Expressions in nonverbal communication: eye movement and giving dap v Eye Movement 1. Cut-eye: Expressions in nonverbal communication: eye movement and giving dap v Eye Movement 1. Cut-eye: -a derogatory eye gesture that is intended to convey feelings of “ hostility, displeasure, disapproval, or a general rejection of the person at whom it is directed. ” -4 stages --a look or short stare at the target --followed by a gaze over the target --then a sharp look or ‘cut’ of the eyes by closing the eyelids and opening them --turning the head away from the target in disgust or disapproval

2. Rolling eyes -a person who is believe to think that she is superior 2. Rolling eyes -a person who is believe to think that she is superior to others or who displays an attitude that may not be accepted by a particular group may the target. -also a person may roll her eyes in response to a statement that doesn’t make any sense or that is inaccurate

Other forms of nonverbal communication Handshakes -may change as often as the types of Other forms of nonverbal communication Handshakes -may change as often as the types of lexical and slang items -most commonly used as forms of, or in conjunction with, greetings and salutations Giving a dap -used to express agreement about some issue in the conversation or to show soldering. Pound -a process in which the person (often male) getly pounds the top of the receiver’s vertical? . Chest-touching -symbolizes the type of meaning associated with the high? , is often the response to a score or tight (very nice) play. -seems to have crossed racial/ethnic boundaries, as it is used more and more by athletes in general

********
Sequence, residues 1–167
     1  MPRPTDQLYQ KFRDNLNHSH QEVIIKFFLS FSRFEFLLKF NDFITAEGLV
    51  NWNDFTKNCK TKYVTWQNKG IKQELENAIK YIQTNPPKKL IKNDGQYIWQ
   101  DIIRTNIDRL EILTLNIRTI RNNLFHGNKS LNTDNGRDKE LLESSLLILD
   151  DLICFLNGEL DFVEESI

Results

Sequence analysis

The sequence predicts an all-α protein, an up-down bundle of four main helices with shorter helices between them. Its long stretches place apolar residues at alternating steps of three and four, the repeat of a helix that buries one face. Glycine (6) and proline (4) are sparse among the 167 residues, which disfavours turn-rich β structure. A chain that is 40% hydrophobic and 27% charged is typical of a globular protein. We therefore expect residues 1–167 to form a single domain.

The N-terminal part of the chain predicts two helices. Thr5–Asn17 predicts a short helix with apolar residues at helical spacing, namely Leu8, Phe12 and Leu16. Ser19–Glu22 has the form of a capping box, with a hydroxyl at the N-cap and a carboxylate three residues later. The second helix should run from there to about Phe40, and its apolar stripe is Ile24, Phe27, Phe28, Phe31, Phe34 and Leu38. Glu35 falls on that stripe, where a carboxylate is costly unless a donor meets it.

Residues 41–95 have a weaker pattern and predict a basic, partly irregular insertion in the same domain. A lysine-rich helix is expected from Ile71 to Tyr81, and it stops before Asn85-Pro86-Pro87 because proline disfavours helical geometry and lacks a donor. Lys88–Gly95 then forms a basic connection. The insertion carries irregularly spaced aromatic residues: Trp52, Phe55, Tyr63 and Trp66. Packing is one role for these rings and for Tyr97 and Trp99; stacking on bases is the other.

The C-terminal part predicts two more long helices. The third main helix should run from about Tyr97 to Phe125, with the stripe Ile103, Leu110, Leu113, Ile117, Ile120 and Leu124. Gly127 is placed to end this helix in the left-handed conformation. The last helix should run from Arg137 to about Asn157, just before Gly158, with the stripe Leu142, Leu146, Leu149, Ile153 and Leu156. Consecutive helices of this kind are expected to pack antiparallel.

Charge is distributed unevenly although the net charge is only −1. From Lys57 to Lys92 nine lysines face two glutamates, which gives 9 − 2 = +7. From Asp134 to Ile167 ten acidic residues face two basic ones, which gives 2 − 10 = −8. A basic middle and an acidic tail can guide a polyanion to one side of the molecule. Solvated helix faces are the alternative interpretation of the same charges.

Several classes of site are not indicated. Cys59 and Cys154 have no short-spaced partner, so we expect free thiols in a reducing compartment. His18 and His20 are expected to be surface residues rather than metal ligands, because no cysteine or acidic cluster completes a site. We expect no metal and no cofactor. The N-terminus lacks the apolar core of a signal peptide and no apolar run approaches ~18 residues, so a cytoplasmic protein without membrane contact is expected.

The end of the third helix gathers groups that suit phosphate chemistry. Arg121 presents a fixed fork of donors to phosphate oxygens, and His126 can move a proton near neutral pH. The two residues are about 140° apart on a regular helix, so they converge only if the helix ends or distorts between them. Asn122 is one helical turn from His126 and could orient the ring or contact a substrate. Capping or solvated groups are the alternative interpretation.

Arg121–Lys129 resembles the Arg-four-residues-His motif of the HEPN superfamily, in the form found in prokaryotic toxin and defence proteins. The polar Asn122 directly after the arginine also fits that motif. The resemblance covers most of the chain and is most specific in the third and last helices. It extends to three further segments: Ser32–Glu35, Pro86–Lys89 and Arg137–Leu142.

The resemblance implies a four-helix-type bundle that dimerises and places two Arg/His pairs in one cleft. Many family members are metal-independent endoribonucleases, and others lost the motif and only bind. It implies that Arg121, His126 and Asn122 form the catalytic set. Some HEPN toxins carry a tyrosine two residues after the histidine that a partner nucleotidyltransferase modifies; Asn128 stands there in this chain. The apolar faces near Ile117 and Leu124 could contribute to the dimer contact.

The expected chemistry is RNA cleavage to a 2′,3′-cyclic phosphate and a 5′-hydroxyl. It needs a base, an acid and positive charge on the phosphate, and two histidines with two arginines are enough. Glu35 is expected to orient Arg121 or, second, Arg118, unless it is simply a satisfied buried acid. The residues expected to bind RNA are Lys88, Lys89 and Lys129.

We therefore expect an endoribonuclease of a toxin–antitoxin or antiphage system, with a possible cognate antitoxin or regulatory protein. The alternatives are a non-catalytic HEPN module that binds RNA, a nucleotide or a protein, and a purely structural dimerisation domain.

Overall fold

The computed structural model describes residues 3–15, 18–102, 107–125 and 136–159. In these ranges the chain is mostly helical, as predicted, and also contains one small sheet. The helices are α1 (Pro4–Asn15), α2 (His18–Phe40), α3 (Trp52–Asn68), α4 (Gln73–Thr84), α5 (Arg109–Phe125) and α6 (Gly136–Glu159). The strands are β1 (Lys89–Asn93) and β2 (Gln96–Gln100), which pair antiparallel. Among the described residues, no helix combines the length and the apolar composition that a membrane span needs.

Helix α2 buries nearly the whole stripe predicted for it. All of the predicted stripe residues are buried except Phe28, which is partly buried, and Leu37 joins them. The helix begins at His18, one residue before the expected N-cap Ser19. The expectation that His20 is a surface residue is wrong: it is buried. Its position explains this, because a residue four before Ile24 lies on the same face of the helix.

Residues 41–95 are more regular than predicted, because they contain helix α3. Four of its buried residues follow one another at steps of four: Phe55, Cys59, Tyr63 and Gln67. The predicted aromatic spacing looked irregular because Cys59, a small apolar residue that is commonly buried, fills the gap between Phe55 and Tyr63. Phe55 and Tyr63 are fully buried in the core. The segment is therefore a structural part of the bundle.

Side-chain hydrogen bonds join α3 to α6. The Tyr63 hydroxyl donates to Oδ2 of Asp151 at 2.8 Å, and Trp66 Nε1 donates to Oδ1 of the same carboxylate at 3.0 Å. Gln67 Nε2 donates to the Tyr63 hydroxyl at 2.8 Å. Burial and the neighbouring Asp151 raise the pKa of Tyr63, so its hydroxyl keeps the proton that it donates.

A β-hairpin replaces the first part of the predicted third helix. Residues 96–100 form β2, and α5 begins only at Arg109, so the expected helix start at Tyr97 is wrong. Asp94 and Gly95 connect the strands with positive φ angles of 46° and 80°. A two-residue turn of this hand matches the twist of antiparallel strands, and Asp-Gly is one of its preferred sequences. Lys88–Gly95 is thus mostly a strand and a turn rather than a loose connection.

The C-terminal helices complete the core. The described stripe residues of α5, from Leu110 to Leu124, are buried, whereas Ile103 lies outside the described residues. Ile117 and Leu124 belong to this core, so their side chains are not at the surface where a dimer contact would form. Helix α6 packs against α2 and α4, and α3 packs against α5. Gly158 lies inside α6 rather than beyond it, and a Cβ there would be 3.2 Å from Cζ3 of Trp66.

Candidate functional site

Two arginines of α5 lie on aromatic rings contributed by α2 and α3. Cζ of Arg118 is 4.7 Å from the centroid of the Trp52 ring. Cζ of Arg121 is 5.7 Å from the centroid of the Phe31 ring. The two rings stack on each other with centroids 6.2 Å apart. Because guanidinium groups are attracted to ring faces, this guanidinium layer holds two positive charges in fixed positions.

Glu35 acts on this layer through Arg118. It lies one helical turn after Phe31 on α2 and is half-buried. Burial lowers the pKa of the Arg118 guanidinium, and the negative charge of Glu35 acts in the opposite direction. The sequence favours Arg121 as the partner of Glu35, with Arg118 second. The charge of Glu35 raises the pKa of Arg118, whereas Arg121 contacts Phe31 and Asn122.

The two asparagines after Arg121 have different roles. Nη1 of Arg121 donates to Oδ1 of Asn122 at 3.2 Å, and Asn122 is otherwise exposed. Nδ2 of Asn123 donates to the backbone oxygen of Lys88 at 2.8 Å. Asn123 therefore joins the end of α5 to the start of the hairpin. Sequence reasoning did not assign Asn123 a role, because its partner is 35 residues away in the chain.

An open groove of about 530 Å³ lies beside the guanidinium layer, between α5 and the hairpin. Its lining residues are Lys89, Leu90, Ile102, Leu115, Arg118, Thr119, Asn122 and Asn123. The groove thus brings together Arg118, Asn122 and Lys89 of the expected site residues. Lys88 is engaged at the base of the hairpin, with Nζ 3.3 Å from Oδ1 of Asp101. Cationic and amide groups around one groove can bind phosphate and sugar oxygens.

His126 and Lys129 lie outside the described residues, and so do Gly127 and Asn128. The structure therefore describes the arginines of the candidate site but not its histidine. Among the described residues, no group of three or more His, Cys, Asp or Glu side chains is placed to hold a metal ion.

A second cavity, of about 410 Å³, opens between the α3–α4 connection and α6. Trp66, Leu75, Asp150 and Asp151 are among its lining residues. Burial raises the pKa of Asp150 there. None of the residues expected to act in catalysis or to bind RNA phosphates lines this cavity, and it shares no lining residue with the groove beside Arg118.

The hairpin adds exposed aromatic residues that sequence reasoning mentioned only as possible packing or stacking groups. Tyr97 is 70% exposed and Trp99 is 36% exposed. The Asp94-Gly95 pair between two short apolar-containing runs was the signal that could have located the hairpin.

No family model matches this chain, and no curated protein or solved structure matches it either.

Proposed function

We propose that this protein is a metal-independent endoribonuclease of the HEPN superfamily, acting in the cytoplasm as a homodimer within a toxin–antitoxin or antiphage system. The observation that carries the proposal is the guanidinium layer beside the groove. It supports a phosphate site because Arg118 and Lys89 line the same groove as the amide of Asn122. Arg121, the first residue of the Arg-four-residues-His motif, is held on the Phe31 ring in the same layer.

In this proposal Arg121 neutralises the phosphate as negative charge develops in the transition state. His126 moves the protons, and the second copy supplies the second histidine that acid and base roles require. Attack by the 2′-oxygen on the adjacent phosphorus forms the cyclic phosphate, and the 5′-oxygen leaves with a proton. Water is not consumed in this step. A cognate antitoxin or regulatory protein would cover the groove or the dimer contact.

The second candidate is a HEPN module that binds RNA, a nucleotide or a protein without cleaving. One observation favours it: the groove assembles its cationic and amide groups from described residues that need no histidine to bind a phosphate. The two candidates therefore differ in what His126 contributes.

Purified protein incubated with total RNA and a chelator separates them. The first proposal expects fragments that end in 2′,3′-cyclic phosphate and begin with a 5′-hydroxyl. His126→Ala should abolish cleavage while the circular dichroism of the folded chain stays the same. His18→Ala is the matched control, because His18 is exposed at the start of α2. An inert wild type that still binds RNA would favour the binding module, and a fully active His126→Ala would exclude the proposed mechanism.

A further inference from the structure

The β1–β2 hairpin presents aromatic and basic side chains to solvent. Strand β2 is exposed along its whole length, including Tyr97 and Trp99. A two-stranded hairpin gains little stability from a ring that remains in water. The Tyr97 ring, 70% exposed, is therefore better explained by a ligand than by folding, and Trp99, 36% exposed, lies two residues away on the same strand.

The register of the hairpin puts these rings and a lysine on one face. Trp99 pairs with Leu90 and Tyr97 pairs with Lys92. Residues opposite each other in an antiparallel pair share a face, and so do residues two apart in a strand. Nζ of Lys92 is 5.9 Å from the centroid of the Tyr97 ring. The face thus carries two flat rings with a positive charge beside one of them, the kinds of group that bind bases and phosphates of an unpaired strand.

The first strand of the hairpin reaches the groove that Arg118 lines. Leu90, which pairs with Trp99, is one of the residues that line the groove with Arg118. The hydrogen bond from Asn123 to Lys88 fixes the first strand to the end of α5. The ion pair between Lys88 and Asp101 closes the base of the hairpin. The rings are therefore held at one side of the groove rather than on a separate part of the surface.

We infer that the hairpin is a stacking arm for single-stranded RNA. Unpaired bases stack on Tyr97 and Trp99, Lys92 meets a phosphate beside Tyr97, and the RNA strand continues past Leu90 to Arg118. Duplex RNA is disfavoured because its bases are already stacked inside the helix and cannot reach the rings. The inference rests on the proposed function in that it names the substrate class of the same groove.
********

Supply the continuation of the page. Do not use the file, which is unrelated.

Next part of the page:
Sources - Green, Lisa J 2002: African American English: A linguistic Introduction. Cambridge: Cambridge Sources - Green, Lisa J 2002: African American English: A linguistic Introduction. Cambridge: Cambridge UP - Mufwene, Salikoko; Rickford John R. ; Bailey, Guy; ed. Baugh, John 1998: African American English: Structure, History and Use. London: Routledge - Fillmore, Charles J. : ‘A Linguist Looks at the Ebonics Debate’ 1997 (13 January 2005)

That's all, folks! Thank you for your attention! That's all, folks! Thank you for your attention!